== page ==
Utah State’s Sindri Gudmundsson punches ticket to NCAA Outdoor Finals in Men’s Javelin

SACRAMENTO, Calif. – Utah State’s track & field team added one more national qualifier Saturday on the final day of the NCAA West Preliminary Championships at Hornet Stadium, bringing the Aggies’ three-day total to six.

 

Sindri Gudmundsson punched his ticket to Eugene in the men’s javelin. The sophomore from Kopavogur, Iceland, placed first overall with a throw of 77.87 meters (255-05) on his very first attempt.

 

“It felt good to get a big throw on my first attempt,” Gudmundsson said. “I just came out here and had fun, and it went well. I told myself to be relaxed and not hurry on anything and be patient. I just stayed long and hit my block well, and the javelin went 77 meters, so it was pretty good.”

 

After Gudmundsson’s second attempt was measured at 71.82m (235-07), he passed on his third and final attempt.

 

“I like that he came out and just executed really well,” said USU head track & field coach Matt Ingebritsen, who specifically coaches the throwers. “His first throw looked just like his last warm-up throw, and that’s exactly what we had talked about doing. He came and took care of business, and now we know, looking at the results from the other side of the country, that he’ll be ranked number one. That’s the spot that we wanted to be in to go do the things that we want to do, so I’m pretty proud of him right now.”

 

Gudmundsson, who earned first-team All-American honors in the javelin last year after placing sixth in the event at the NCAA Outdoor Finals, will head to Eugene with the top seed this year. Mississippi State freshman Anderson Peters came into the preliminary rounds ranked No. 1 in the country, but only went 74.22 meters (243-06) at the East Prelims on Saturday at USF Track & Field Stadium in Tampa, Fla.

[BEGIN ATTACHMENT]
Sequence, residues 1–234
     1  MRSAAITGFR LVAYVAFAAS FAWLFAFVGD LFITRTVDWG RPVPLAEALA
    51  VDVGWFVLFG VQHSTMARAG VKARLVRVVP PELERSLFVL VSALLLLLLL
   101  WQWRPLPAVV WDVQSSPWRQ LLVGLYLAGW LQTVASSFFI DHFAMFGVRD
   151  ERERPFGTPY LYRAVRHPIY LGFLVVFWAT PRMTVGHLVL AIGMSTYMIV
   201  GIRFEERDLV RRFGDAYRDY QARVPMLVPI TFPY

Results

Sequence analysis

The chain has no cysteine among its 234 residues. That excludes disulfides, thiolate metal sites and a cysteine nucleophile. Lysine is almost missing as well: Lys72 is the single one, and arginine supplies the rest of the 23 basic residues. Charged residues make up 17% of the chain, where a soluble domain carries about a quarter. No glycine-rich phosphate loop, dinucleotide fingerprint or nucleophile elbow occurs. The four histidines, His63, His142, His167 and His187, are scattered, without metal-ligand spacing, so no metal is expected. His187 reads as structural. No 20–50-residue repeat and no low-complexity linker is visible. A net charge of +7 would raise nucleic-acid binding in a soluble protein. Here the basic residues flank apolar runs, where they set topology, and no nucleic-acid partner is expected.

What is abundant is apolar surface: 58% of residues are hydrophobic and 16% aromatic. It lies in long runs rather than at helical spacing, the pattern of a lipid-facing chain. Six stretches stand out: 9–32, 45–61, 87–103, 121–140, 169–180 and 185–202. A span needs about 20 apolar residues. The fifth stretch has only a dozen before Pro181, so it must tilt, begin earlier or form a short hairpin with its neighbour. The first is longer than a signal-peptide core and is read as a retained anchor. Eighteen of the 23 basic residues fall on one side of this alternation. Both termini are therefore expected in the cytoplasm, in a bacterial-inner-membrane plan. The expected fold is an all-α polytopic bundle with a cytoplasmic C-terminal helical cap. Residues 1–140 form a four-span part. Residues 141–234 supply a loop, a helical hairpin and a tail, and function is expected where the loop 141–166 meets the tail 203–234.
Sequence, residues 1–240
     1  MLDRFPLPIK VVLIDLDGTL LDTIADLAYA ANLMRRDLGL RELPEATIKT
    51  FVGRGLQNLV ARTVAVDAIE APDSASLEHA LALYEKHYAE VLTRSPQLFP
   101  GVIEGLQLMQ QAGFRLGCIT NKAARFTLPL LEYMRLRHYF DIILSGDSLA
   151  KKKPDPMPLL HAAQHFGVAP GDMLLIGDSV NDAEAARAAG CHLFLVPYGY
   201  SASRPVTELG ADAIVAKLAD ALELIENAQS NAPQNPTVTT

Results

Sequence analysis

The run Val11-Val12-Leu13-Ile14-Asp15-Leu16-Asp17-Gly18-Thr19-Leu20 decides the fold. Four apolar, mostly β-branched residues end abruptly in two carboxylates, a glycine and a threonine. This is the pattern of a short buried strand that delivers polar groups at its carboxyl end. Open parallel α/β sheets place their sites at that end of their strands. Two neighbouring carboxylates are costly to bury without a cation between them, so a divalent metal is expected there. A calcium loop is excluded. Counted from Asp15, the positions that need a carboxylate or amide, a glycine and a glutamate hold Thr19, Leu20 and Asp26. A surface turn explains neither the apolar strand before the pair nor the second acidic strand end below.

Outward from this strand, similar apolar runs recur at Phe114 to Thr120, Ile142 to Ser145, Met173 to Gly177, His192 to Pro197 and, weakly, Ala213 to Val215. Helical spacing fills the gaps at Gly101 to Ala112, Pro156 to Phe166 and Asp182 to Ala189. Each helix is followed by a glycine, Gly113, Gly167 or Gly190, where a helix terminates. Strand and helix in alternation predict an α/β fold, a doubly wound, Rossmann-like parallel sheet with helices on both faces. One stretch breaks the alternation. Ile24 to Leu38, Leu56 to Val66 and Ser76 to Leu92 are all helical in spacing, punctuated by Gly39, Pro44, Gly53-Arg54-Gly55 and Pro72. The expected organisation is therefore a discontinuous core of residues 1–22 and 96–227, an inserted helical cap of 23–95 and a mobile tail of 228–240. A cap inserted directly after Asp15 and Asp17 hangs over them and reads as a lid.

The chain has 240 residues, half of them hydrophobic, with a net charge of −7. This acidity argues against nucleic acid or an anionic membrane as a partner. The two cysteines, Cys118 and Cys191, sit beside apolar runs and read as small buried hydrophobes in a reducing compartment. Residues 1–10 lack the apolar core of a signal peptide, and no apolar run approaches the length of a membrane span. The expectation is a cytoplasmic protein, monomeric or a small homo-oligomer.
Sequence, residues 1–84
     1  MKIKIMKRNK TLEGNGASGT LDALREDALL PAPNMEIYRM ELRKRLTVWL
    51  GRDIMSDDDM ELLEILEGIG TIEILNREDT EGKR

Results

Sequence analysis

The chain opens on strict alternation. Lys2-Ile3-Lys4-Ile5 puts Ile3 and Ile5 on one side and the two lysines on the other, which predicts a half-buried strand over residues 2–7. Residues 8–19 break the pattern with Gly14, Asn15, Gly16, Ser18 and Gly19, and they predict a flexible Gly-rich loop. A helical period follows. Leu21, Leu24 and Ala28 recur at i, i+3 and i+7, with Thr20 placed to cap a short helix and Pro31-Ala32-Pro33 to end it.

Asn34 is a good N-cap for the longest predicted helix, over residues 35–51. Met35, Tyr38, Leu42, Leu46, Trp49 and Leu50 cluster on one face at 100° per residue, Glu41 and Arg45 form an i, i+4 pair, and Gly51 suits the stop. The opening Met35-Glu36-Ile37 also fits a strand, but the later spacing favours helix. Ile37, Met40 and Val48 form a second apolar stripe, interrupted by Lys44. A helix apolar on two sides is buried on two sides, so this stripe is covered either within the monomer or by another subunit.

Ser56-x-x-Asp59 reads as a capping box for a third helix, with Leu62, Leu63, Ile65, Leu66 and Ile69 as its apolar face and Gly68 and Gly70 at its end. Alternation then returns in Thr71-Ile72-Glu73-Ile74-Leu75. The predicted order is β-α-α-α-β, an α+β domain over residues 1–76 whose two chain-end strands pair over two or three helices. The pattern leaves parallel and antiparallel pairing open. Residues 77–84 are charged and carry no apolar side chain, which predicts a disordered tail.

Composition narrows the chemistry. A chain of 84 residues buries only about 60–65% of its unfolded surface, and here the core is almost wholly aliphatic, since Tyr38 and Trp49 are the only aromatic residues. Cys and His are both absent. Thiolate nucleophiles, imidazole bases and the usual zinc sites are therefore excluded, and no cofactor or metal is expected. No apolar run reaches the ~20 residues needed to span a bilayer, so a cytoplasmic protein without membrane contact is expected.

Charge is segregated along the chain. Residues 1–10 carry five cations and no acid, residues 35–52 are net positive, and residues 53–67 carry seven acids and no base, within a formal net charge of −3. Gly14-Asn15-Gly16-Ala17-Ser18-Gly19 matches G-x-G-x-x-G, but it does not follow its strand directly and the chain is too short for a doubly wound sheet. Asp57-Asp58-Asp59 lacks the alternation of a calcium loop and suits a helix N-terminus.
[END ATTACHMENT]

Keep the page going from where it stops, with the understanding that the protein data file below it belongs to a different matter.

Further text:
“Eugene is a whole new competition, but it feels good to be seeded first going in,” Gudmundsson said. “It makes me feel like I can win it. It’s going to take a great throw to win, so I’ve just got to go there and do the same thing that I did today, and it’ll be good.”

 

Dillon Maggard, who punched his first ticket to Eugene on Thursday in the men’s 10,000 meters, picked up his second ticket on Saturday after placing first in his section and sixth overall in the semifinals of the 5,000-meter run. The seven-time All-American from Kirkland, Wash., crossed the finish line in 13:49.42.

 

“It feels great,” Maggard said. “All the hard work paid off. I just believed in the training, I tried to believe in myself, and it pushed me through. Coach (Artie Gulden) believed I could do the double, and I just had to believe in myself, too. He asked me two weeks before this, ‘Why not do both the 10k and 5k?’ I was like, ‘Well, do you think I could do it?’ He said yes, so I trusted him. It feels good to get a win in my heat and represent Utah State.”

 

Gudmundsson and Maggard will be joined in Eugene by senior Clay Lambourne (800 meters), senior Spencer Fehlberg (3,000-meter steeplechase) on the men’s side. Juniors Brenn Flint (shot put) and Cierra Simmons (3,000-meter steeplechase) advanced on the women’s side.